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Old 03-19-2013, 12:44 PM   #1
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How Light is Your Flywheel+Clutch?

Samc asked how much the new Aasco lightweight flywheel tipped the scales at and how it compared to the stock weights, this should offer a comparison:

Lightweight Flywheel only - 13.0 lbs.
Lightweight Flywheel + New Sachs Clutch Assembly - 25.4 lbs. *
Stock Dual Mass Flywheel only - 26.5 lbs.
Stock Dual Mass Flywheel only + New Sachs Clutch Assembly - 38.8 lbs.
Lightweight Flywheel + New Sachs 4 Spring Clutch Assembly - 18.0 lbs. **

All I know is the stock FW and clutch were HEAVY! And my engine has to spin that up. Whereas, the LWFW and clutch…I had to check to make sure the clutch was in there! 13.4* to 20** pounds LESS may not seem like a lot, unless you're the engine! One went CLUNK on the scale and the other made a slight noise. I was even able to control it better!

The total weight for the 4 spring clutch AND housing, Throwout bearing, and spacers is only 6 pounds! And that is shipping weight! The 4 spring ZF Sachs clutch is for sale right now for only $357 - shipped! PM me for details.

So maybe you can have the BEST of BOTH worlds…AND the price is right!

Lighter is better AND the Aasco LWFW offers the ability to resurface (for around $100) instead of replacement, which is good. Anyone want an old flywheel?

Funny how all the HEAVY stuff ends up in my garage - now I have a couple boat anchors - flywheel & stock muffler. Now all I have to do is get my car back together and I'll let you know how it goes!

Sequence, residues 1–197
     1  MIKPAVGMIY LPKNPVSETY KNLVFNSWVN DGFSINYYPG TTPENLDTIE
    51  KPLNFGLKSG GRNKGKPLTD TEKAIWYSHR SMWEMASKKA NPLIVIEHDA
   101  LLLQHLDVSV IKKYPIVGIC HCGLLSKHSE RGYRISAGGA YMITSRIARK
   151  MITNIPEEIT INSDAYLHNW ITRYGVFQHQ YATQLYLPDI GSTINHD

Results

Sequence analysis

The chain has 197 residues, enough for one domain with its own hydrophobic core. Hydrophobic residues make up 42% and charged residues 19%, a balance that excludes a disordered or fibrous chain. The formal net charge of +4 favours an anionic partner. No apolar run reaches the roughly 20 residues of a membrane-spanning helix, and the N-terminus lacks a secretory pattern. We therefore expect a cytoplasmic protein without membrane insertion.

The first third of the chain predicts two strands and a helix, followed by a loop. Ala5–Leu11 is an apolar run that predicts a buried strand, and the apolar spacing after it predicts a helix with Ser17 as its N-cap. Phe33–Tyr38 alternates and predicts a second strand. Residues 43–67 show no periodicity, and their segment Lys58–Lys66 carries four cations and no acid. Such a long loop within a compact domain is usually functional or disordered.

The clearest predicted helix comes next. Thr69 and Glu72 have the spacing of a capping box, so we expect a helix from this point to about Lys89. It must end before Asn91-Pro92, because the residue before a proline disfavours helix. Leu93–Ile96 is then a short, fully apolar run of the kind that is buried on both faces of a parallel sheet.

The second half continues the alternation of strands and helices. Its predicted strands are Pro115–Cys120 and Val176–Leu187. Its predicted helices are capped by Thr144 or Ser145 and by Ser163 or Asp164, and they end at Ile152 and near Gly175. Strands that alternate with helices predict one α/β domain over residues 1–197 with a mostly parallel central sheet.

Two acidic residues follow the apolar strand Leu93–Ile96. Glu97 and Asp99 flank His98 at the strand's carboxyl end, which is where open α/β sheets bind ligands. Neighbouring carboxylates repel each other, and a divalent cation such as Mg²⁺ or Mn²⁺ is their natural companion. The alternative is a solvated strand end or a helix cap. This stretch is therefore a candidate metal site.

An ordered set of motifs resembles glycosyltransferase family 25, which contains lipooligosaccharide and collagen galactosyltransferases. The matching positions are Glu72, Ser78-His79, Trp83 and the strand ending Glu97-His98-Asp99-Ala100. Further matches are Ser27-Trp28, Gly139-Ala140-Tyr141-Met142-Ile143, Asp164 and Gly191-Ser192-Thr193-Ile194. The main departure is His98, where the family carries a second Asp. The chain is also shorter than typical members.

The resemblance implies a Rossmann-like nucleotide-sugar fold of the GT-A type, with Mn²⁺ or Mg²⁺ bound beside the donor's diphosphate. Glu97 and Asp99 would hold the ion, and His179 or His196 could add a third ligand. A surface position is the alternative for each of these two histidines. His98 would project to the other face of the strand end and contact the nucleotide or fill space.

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Old 03-19-2013, 12:59 PM   #2
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It will interesting to see how you like it once you drive it ?
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Old 03-19-2013, 01:10 PM   #3
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Do you have a link to the clutch you're using? It doesn't sound very "street friendly".
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Old 03-19-2013, 02:15 PM   #4
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Originally Posted by Homeboy981 View Post
Funny how all the HEAVY stuff ends up in my garage - now I have a couple boat anchors - flywheel & stock muffler. Now all I have to do is get my car back together and I'll let you know how it goes!